EASA Biennial Conference 2016: Doing ethnography through the body

I am very pleased to be presenting my paper ‘“Blind people need to teach sighted people how to listen”: ethnography through the body in an anthropology of sensory perception’ at European Association of Social Anthropologists 14th EASA Biennial Conference, ‘Anthropological legacies and human futures’, 20-23 July 2016, Milan, Italy. This is part of the panel ‘Doing ethnography through the body’, convened by Lorenzo Ferrarini (University of Manchester) and Nicola Scaldaferri (University of Milano).


Paper abstract:
Ethnographic investigation of the perception of people who have impaired vision reveals both the applications and limitations of an ethnography through the body in attempts to comprehend the lifeworlds of others. I present my ethnographic fieldwork that explores the perception of the environment for vision impaired walkers in the activity of recreational walking in the South Downs, Sussex, England. Through a case study methodology of walking with eight people as their sighted guide over the course of two years (2012-2014), I embarked on an ethnography through the body in which I became apprentice in their activities of perception. These were activities in which walkers were consciously engaged, including seeing, “seeing in the mind’s eye”, listening, feeling, and techniques of walking. I describe how I became an apprentice in learning to echolocate, using this example to recount how this method opportuned shared experiences and references points that deepened the study. However, fully sighted myself, this was fundamentally limited as I could not experience the sensory perceptual activities to the depth of their abilities. Through this example I consider the implications, advances and limitations of ethnography through the body, whilst proposing this method as fundamental to studies of an anthropology of perception. This work is situated within an anthropology of skill, which articulated by Ingold (2000) has been followed by a generation of anthropologists studying perceptual enskillments and practices, largely through methodologies of apprenticeship (including Downey 2002, 2005; Grasseni 2007; Gunn 2007; Lund 2005; Willerslev 2007).

The full list of panel presenters and abstracts can be read here.



Downey, G. 2005. ‘Seeing with a ”sideways glance”: visuomotor ”knowing” and the plasticity of perception’, in Harris, M. (ed.), Ways of Knowing: New Approaches in the Anthropology of Experience and Learning. Oxford: Berghahn Books.

Downey, G. 2002. ‘Listening to capoeira: Phenomenology, embodiment, and the materiality of music’, in Ethnomusicology, pp. 487-509.

Grasseni, C., 2009. (Ed.), Skilled Visions: Between Apprenticeship and Standards. Oxford: Berghahn Books.

Gunn, W. 2007.’Learning within the workplaces of artists, anthropologists and architects: Making stories for drawings and writings, in Grasseni, C.,  (Ed.), Skilled visions: Between apprenticeship and standards. Oxford: Berghahn Books. Chapter five.

Lund, K. 2005. ‘Seeing in motion and the touching eye: walking over Scotland’s mountains’, in Etnofoor, 181, pp. 27-42.

Willerslev, R. 2007. ‘“To have the world at a distance”: reconsidering the significance of vision for social anthropology’, in Grasseni, C., (Ed.), Skilled Visions: Between Apprenticeship and Standards. Oxford: Berghahn Books. Chapter one.



























Sound, auditory perception, and listening


Adam.pngIn November last year my chapter ‘Walking through the woodlands: Learning to listen with companions who have impaired vision’ was published in  The Auditory Culture Reader, an edited book by Michael Bull and Les Back, published by Bloomsbury. This chapter was the opportunity for me to contribute to an anthropology of sound through account of how we experience sound – listening.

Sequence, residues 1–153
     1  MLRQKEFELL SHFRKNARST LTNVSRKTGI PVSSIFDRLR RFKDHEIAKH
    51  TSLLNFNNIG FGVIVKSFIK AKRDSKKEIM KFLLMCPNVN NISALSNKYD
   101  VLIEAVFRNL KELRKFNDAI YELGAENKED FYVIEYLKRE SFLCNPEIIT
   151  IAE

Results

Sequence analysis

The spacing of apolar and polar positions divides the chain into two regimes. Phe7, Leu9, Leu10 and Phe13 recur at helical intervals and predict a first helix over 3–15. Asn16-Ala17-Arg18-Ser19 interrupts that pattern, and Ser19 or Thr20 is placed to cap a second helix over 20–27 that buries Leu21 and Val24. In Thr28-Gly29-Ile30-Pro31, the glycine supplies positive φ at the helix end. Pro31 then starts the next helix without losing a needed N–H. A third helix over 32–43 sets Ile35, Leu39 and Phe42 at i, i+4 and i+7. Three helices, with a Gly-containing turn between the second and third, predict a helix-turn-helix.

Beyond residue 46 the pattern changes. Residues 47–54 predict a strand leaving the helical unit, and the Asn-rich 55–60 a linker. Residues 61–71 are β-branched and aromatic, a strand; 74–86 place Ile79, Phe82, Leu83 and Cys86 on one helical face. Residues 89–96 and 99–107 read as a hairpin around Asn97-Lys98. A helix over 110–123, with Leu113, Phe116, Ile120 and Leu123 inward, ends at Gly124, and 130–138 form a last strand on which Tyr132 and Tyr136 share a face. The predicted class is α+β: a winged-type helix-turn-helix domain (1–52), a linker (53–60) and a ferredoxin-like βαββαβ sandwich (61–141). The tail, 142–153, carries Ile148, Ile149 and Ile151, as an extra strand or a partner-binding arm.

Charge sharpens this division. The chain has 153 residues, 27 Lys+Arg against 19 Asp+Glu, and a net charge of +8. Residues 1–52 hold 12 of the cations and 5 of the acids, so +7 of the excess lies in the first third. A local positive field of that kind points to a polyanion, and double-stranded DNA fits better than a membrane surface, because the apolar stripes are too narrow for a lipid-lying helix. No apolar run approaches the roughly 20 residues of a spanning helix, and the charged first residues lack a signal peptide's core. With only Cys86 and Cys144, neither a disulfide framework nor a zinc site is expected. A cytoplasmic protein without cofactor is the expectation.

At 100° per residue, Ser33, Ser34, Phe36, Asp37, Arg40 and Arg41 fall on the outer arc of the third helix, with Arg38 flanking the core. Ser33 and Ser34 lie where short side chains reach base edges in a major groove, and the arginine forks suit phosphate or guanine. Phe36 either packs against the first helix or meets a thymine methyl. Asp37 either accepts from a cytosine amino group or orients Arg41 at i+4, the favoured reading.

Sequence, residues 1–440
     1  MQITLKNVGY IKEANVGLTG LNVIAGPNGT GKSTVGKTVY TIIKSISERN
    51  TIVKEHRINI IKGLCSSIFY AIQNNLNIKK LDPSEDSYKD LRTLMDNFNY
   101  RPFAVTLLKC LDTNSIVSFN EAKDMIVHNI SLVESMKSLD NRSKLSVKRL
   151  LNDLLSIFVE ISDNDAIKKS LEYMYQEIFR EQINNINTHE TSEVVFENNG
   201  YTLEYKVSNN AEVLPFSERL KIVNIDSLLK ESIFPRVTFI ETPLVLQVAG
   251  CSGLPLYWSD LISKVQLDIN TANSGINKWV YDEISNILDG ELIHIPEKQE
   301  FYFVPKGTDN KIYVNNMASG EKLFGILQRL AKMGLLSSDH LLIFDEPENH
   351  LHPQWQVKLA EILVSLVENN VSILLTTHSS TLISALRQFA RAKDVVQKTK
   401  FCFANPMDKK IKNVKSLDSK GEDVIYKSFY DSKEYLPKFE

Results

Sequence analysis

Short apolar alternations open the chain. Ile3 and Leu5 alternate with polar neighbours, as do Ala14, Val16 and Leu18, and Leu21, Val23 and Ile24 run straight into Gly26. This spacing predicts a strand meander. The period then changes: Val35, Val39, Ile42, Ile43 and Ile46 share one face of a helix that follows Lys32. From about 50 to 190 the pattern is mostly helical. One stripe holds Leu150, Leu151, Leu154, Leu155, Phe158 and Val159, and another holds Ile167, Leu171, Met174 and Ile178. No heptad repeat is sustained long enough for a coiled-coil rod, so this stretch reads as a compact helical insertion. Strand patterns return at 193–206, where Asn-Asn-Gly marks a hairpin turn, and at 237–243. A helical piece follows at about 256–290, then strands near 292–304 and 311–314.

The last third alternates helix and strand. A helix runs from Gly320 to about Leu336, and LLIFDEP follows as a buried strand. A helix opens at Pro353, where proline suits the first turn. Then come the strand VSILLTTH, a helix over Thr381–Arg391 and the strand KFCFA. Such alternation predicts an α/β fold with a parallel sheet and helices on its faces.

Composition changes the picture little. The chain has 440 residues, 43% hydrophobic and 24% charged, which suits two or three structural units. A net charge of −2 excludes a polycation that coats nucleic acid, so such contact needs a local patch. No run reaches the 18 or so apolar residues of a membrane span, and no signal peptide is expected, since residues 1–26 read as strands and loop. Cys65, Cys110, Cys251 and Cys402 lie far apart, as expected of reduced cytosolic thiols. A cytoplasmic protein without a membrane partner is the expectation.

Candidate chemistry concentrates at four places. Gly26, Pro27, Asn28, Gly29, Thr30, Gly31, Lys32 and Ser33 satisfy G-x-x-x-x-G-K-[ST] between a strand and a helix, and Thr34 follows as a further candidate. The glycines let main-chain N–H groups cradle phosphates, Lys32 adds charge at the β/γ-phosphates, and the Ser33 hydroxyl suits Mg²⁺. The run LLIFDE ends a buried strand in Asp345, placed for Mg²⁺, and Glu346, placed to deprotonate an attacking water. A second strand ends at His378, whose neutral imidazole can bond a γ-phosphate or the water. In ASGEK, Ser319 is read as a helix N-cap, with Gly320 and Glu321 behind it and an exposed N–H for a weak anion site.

Anthropological accounts of sound have focused largely on sound, the concept of ‘soundscape’ and recordings (1). ‘Soundscape’ is a concept coined by composer Murray Schafer to refer to any acoustic field of study, from musical score to the sounds of the countryside. Following Schaffer, Anthropologists have described the sounds of an environment and attributed cultural significances. However, these accounts have rarely accounted for how people actually listen within the environment.

Meanwhile, cross-disciplinary scholarship of auditory perception has focused on describing hearing as a sensory capacity. This has involved characterising hearing in terms of attributes, for example that it is a “distance sense”, and describing experiences of listening (2). The role of the environment in affording these qualities of experience has been largely ignored. Consequently, accounts of auditory perception often risk becoming abstract and generalised.

I propose that by focusing on experiences of listening, rather than ‘sound’ or the capacity of hearing, we might overcome these issues. Further, the multi-sensorial nature of the perception of sound is revealed. The ways in which people feel, see or even taste sounds. This takes us to the listening subject. How do individuals develop ways of listening in particular activities and environments? We all have a sense of how listening underwater compares to listening during a conversation with a friend on a blustery walk. Listening skills are contextually variable.

In the chapter I offer frameworks for approaching an investigation of listening, principally through a concept that I refer to as sensorial emplacement. Through my ethnography of listening activities practiced by walkers who have impaired vision while walking in the South Downs (East Sussex, UK), I demonstrate the relevance of this concept and explore what this case study might offer to anthropological and cross-disciplinary investigations of sound and  auditory perception. To access the chapter please see the Auditory Culture Reader available here.



(1) For examples see Feld and Brenneis 2004; Samuels et al 2010; c.f. Kelman 2010.

(2) Including Carter 2004; Chion 2012; Idhe 2012



Carter, P. 2004. ‘Ambiguous traces, mishearing and auditory space’, in Erlman, V. (ed.), Hearing Cultures: Essays on Sound, Listening and Modernity. Oxford: Berg.

Chion, M. 2012. ‘The Three Listening Modes’, in Sterne, J. (ed.), The Sound Studies Reader. London: Routledge.

Feld, S. and D. Brenneis. 2004. ‘Doing Anthropology in Sound’, in American Ethnologist, Vol. 31, No. 4, pp. 461-474.

Idhe, D. 2012. ‘The Auditory Dimension’, in Sterne, J. (ed.) The Sound Studies Reader. New York: Routledge.

Kelman, A. 2010. ‘Rethinking Soundscape: A Critical Genealogy of a Key Term in Soundstudies’, in Senses and Society, Vol. 5, Issue 2, pp. 212-234.

Samuels, D., L. Meintjes, A. Ochoa, and T. Porcello. 2010. ‘Soundscapes: Toward a Sounded Anthropology’, in Annual Review of Anthropology, 39, pp. 329-345.

Schafer, R. M. 1994 [1977]. The Soundscape: Our Sonic Environment and the Tuning of the World. Rochester, VT: Destiny.

Photograph of the Seven Sisters, South Downs